Everyday, approximately 20 girls are born with
Rett Syndrome around the world.

To learn more about reversing Rett Syndrome, click here...

About Rett Syndrome

The Syndrome

Rett syndrome is a neurological disorder and the most physically disabling of the autism spectrum disorders.  After normal early development, girls with Rett syndrome lose the ability to speak and begin to have difficulty with motor control around 6-18 months of age.  They often lose functional use of the hands when characteristic hand movements begin.  The onset of this period of regression is sometimes sudden.  Other early symptoms may include problems crawling or walking and diminished eye contact.

The disorder was identified by Dr. Andreas Rett, an Austrian physician who first described it in a journal article in 1966. It was not until after a second article about the disorder was published in 1983 that the disorder was generally recognized.

The course of Rett Syndrome, including the age of onset and the severity of symptoms, varies from child to child.  Hypotonia (loss of muscle tone) is usually the first symptom. The loss of functional use of the hands is followed by compulsive hand movements such as wringing and washing. Other symptoms may include seizures, disordered breathing, irregular sleep patterns, and scoliosis.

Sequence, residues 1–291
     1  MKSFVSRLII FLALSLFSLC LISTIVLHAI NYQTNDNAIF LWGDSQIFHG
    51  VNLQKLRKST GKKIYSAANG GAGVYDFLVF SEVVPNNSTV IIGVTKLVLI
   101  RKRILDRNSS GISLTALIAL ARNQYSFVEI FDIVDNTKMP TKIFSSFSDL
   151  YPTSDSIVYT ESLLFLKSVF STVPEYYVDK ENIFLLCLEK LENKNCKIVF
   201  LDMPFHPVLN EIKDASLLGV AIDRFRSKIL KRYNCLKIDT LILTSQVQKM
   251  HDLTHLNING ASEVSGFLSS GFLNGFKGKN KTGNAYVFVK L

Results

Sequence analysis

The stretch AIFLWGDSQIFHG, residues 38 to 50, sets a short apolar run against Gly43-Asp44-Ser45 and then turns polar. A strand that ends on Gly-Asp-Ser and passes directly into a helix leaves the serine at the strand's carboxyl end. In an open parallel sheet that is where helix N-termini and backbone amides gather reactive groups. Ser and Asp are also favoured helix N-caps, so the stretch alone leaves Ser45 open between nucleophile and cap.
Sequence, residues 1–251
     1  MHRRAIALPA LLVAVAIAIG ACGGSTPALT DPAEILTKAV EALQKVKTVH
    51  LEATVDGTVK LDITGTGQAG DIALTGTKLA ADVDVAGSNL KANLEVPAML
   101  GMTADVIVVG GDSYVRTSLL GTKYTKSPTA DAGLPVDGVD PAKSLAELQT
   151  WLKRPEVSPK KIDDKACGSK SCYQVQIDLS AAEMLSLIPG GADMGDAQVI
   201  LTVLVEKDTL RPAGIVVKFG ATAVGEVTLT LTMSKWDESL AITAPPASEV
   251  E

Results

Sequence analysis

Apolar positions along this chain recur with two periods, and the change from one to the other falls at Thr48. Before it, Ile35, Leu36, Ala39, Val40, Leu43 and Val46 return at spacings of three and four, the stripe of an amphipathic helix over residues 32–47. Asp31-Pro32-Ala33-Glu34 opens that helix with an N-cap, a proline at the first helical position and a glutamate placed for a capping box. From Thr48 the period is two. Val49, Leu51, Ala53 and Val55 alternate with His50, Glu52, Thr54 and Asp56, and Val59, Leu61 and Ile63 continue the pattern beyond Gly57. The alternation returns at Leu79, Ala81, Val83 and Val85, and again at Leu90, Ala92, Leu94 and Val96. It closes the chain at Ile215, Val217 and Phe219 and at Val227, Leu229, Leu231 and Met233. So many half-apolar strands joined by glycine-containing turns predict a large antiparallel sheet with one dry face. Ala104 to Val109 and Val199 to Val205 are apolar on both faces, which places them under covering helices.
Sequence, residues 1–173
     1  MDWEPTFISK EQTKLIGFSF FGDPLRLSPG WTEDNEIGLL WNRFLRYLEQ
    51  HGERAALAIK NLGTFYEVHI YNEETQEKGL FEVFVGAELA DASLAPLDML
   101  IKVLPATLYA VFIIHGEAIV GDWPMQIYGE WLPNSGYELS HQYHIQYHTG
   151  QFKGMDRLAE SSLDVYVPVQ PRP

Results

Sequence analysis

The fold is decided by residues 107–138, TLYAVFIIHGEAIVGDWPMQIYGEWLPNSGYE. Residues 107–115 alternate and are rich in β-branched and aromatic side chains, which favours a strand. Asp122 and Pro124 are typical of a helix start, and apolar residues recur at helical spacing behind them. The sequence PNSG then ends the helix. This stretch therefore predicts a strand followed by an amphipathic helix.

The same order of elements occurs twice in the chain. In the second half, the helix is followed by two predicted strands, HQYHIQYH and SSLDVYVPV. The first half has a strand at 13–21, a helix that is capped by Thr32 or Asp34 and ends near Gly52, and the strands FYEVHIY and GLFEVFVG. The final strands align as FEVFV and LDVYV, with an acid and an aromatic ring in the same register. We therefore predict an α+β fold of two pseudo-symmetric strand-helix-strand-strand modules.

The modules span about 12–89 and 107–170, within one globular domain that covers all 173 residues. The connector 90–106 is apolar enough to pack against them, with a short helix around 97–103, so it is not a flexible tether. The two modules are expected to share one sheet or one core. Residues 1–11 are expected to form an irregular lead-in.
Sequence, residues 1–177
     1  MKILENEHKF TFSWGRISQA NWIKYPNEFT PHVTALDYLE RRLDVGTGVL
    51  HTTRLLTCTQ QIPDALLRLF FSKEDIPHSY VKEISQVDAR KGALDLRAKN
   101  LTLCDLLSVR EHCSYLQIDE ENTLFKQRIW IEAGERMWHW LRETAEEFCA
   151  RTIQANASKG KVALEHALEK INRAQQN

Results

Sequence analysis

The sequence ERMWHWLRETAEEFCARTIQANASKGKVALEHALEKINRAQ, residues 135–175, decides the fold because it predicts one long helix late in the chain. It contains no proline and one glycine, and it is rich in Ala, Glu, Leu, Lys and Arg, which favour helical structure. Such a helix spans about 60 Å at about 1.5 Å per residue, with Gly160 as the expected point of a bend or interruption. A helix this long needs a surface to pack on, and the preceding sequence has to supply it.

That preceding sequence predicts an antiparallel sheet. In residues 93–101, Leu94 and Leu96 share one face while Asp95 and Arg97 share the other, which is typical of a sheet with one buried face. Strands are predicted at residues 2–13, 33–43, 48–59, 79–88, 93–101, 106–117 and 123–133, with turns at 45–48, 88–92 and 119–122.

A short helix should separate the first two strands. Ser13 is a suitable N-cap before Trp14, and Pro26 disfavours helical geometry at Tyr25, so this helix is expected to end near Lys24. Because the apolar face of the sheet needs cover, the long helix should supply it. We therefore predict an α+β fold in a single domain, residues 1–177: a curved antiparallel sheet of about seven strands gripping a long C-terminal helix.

Apraxia — the inability to perform motor functions — is perhaps the most severely disabling feature of Rett syndrome, interfering with every body movement.

Rett Syndrome is caused by mutations in the MECP2 gene, which is found on the X chromosome. Most of the time, the mutation is spontaneous meaning that it is not passed down in a family.  Scientists identified the gene — which is believed to control the functions of several other genes — in 1999. The MECP2 gene contains instructions for the synthesis of a protein called methyl cytosine binding protein 2 (MeCP2), which acts as one of the many biochemical switches that tell other genes when to turn off and stop producing their own unique proteins.

Rett Syndrome affects one in every 10,000 to 23,000 live female births.  It occurs at random in all racial and ethnic groups worldwide.  Girls have two X chromosomes, but only one is active in any given cell. This means that in a child with Rett syndrome only about half the cells in the nervous system will use the defective gene. Some of the child's brain cells use the healthy gene and express normal amounts of the protein.  The scenario is different for boys who have a MECP2 mutation known to cause Rett syndrome in girls. Because boys have only one X chromosome, they lack a back-up copy that could compensate for the defective one, and they have no protection from the harmful effects of the disorder. Boys with such a defect often die shortly after birth.

To read more about the dramatic 2007 mouse model symptom reversal and the science behind reversing Rett Syndrome, visit the Rett Syndrome Research Trust website.

Newly-diagnosed families can find helpful resources and support at Girl Power 2 Cure.